For its part, Washington needs to recognize that seeking to reduce criminal violence, including killings, kidnappings, and extortion, is the right priority for Mexico, and indeed, should be a key goal for law enforcement in any country. The United States should wholeheartedly support that objective in Mexico. But achieving violence reduction in Mexico will not be easy, as President Peña Nieto and his security team have already learned in their first six months. Major questions remain about the details, operationalization, and actual implementation of the security strategy Peña Nieto has outlined. As I detail in my report Peña Nieto’s Piñata: The Promise and Pitfalls of Mexico’s New Security Policy against Organized Crime, many components of the new strategy, such as the organizational reshuffle of Mexico’s security institutions, the establishment of a new gendarmerie, or even the youth-crime prevention focus (important as the last element is for any sustainable long-term strategy to reduce criminality) do not easily, quickly, and directly translate into violence reduction in Mexico.
Paradoxically, the policy that is most directly available to Mexico to reduce criminal violence is the one for which it needs the most cooperation from the United States: changing targeting patterns. Instead of deploying the Mexican military or federal police or the gendarmerie (whenever it will actually become available) merely in response to wherever violence intensely breaks out and making cartel capo decapitation the core of its strategy, Mexico needs to prioritize targeting in a way that will reduce violence. That means abandoning both top-level decapitation and reactive deployment of forces. Instead, a wiser interdiction pattern would be more selective and based on an analysis of which law enforcement actions will stimulate what responses and actions from and among the criminal groups. The changed interdiction pattern can include focusing on the most violent group in a particular area and focusing on the middle layer, as opposed to the top capos, of a cartel. As I also explain in another report, Focused Deterrence, Selective Targeting, Drug Trafficking and Organized Crime: Concepts and Practicalities, strategically choosing the basis of prioritized targeting and moving away from interdiction based only ad hoc on how intelligence becomes available requires careful calibration and an uneasy balancing of the pros and cons of each possible option for prioritized interdiction. It often entails uneasy tradeoffs.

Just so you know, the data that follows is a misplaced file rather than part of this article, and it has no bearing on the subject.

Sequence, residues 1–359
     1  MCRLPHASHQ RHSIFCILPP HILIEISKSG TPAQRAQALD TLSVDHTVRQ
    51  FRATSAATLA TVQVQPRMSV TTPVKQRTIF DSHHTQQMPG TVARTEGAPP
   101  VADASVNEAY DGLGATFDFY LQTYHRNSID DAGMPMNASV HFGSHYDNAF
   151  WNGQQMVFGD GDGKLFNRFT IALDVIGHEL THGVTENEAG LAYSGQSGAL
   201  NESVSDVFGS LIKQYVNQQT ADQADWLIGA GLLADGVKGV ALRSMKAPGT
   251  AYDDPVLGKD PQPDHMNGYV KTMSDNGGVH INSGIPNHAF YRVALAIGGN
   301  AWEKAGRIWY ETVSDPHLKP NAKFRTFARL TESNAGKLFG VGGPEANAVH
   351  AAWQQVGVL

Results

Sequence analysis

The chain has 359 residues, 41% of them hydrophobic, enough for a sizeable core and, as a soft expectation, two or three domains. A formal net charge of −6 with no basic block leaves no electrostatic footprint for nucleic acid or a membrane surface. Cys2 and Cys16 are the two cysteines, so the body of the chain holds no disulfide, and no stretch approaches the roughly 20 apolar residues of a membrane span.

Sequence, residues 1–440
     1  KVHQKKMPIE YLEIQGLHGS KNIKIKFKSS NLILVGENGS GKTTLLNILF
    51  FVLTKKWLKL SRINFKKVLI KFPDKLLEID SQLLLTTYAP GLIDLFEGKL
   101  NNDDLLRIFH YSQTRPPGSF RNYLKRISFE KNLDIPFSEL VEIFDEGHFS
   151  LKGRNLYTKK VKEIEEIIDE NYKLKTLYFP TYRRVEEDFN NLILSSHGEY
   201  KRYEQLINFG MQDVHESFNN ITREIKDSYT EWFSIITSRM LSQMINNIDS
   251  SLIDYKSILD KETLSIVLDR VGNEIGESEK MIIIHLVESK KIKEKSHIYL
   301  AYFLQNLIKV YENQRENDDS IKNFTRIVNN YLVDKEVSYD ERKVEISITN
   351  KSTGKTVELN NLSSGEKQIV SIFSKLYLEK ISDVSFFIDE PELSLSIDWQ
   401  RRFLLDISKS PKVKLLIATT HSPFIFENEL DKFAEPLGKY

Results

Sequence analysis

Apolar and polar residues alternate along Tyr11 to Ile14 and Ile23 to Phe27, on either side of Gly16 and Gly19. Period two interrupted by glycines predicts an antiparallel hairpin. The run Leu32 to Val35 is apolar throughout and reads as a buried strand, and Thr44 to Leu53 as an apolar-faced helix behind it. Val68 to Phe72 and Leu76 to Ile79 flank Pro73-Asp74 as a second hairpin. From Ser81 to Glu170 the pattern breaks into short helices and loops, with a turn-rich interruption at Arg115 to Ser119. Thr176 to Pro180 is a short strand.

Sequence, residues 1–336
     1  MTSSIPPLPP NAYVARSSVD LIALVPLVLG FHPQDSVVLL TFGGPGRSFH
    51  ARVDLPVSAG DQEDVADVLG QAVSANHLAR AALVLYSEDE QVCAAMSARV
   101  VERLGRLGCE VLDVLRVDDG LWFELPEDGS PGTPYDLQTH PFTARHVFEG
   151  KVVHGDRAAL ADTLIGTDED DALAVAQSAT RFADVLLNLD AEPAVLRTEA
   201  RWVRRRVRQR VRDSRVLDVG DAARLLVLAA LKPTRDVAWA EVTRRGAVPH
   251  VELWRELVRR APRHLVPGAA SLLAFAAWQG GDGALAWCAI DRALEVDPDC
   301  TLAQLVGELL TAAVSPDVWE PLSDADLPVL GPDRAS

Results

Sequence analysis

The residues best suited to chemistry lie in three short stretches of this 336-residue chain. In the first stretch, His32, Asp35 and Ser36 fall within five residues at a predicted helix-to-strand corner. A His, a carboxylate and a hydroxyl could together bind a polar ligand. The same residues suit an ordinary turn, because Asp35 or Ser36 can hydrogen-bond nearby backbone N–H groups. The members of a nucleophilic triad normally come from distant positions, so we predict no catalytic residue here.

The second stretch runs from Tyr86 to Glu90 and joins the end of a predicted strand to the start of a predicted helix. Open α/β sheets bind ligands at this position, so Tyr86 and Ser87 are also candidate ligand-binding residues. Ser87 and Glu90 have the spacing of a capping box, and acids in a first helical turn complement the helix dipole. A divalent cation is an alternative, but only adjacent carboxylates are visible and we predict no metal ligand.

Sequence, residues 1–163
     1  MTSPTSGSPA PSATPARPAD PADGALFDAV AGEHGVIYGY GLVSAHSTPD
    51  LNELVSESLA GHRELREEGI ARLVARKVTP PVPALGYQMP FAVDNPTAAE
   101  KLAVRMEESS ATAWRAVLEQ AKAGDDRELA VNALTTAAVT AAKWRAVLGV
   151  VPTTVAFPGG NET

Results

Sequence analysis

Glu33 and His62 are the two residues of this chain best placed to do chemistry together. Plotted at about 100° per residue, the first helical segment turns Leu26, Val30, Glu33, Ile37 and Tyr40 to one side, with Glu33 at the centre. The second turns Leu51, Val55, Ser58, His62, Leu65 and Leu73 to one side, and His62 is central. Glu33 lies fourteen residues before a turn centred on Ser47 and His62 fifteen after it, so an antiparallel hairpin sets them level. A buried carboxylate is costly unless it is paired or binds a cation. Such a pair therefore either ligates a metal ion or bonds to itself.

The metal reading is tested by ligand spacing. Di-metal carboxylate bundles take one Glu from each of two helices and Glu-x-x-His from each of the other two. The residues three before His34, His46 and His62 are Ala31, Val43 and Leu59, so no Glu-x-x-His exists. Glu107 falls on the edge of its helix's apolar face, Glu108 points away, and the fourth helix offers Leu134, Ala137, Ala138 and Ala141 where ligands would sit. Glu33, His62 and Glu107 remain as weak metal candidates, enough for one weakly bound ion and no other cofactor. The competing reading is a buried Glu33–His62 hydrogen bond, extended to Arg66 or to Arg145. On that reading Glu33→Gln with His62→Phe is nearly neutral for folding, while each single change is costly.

Nonetheless, Washington should not define the prioritized interdiction approach (which can mean not vigorously going after some groups for a while) as yet another manifestation of the corruption of Mexican law enforcement institutions by organized crime groups. In turn, explaining to the United States that prioritizing law enforcement actions is smart policy, not weakness and corruption, requires that Mexico maintains extensive discussions with Washington.
What in the long term will increase the rule of law in Mexico is ensuring that communities obey laws, by increasing the likelihood that illegal behavior and corruption will be punished via effective law enforcement, but also by creating a social, economic, and political environment in which the laws are consistent with the needs of the people and allow citizens to embrace their police forces and state presence. Reducing criminal violence is a key element. Adopting a smarter interdiction pattern is an important first step.